Ann Coulter will not speak at Berkeley tonight because the threat of mob violence led campus authorities to claim they could not protect her, resulting in a back-and-forth in which the speech was canceled, un-canceled, and finally canceled for good when the group sponsoring the event backed out. Similar threats led New York University  (NYU) to cancel Milo Yiannopoulos’ appearance in February. These are shameful actions by two universities that purport to value free speech—one of them a public institution that is constitutionally obligated to.
Previous violence at Berkeley  directed against Yiannopoulos, as well as the current threats, originated with a coalition of so-called antifas: anti-fascists, persons who believe that in Trump’s America violence to silence speech they do not agree with is justified. They probably are unaware their tactics were once used to silence civil-rights marchers, anti-war protesters, abortion-rights advocates, and the women’s movement. Because the law that now shames Berkeley and NYU comes from earlier efforts to protect those groups’ right to speak.
The idea that a university cannot ensure a speaker’s safety, or that the speaker’s presence may provoke violent protests, or that the institution just doesn’t have to go to the trouble of protecting a controversial speaker, has become the go-to justification for persons on the left restricting speech from the right. Coulter and Yiannopoulos were singled out specifically for the content of their speech, which is indeed offensive to students and faculty who see danger in unpopular ideas. The universities’ actions were not content-neutral, in other words, the base requirement when a government entity restricts speech.
But what those offended people think is irrelevant, because the Constitution is clear even when their minds are muddied. While public institutions do have an obligation to public safety, that obligation must be balanced against the public’s greater right to engage with free speech. The answer is not to ban speech outright simply to maintain order. But don’t believe me; it’s the law.
When a peaceful speaker, whose message is constitutionally protected, is confronted by a hostile crowd, the state may not silence the speaker as an expedient alternative to containing or snuffing out the lawless behavior of the rioting individuals. Nor can an officer sit idly on the sidelines—watching as the crowd imposes, through violence, a tyrannical majoritarian rule—only later to claim that the speaker’s removal was necessary for his or her own protection. Uncontrolled official suppression of the privilege [of free speech] cannot be made a substitute for the duty to maintain order in connection with the exercise of that right.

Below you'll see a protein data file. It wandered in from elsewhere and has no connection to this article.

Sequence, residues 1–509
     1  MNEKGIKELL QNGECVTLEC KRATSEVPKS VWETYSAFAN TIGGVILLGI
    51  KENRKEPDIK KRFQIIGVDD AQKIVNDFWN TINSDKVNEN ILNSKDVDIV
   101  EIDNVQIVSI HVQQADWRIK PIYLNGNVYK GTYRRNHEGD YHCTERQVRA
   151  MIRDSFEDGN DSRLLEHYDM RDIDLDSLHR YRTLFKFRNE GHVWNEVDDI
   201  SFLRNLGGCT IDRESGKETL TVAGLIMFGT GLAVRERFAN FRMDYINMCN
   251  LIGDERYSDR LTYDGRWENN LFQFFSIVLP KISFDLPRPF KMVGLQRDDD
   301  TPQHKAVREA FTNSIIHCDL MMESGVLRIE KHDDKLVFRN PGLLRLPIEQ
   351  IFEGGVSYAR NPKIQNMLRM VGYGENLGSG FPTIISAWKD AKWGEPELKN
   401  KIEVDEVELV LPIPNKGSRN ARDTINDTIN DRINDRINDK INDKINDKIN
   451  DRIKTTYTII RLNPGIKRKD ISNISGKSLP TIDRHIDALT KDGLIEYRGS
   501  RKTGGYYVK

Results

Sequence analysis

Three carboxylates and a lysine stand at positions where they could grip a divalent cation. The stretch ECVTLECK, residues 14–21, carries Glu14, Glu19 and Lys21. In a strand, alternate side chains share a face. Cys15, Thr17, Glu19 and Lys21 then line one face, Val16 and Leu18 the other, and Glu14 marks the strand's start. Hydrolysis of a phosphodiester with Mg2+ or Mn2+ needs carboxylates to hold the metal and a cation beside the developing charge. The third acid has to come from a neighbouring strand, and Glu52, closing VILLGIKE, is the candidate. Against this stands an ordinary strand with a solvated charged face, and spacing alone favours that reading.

The idea that the government can shut down speech requiring physical protection has failed court tests in cases involving speech as diverse as Occupy  protests and a Christian group bringing a pig’s head  to an Islamic arts festival. Both sides in the abortion debate have slapped down the need-to-maintain-public-order argument outside  clinics in defense of their right to speak. Any of those situations is at least as volatile as whatever Ann Coulter has been saying publicly since her first book came out in 1998, or Milo Yiannopoulos’ junior-high-school-level homophobic slurs.
The courts have also long held that mobs should not be allowed to exercise the so-called Heckler’s Veto—the practice of shouting down speakers, where whoever can literally “speak” the loudest gets to choose what is said. The natural end of such thinking is mob rule, where Speaker A gets a bigger gang together to shout down the gang Speaker B controls. Or, in Coulter and Yiannopoulos cases, simply threatens to do so.change_me
Allowing a Heckler’s Veto to keep unpopular speakers from expressing their views, as Berkeley and NYU have basically done, does damage far beyond two conservative speakers in 2017. Allowing the veto not only stifles a specific idea, but threatens to chill public discourse generally by discouraging others with controversial ideas from sharing them. Who wants to stand up only to be shouted down by a mob while the administration and law enforcement stand aside?
The Supreme Court has concluded  that the government’s responsibility in such circumstances is to control those who threaten or act out disruption, rather than sacrifice  the speaker’s free-speech rights. Berkeley and NYU chose a different route.
The problems of having Ann Coulter speak on a campus are outweighed by the larger obligation to protect free speech. Getting rid of the speaker may be expedient, but it is also unconstitutional. The ACLU  knows that, because it took Coulter’s side, as did Elizabeth Warren  and Bernie Sanders . There are plenty of lawyers working for the universities who know it too, but figure on a liberal campus in front of a sympathetic media they can get away with ignoring it.
Supreme Court Justice Louis Brandeis held  that people must be able to discuss and criticize unpopular ideas, that free speech is not an abstract virtue but a key element at the heart of a democratic society. Even the fact that speech is likely to result in “violence or in destruction of property is not enough to justify its suppression.” Brandeis concluded “the deterrents to be applied to prevent violence and disruption are education and punishment for violations of the law, not abridgment of free speech.”
Free speech is not an ends, it is a means, in a democracy. Shame on two of America’s prominent universities for treading on that mighty concept. Free speech is messy, and it is our essential defense against fascism, whether from the left or the right.
Peter Van Buren is the author of Hooper’s War: A Novel of WWII Japan , available now. Follow him @WeMeantWell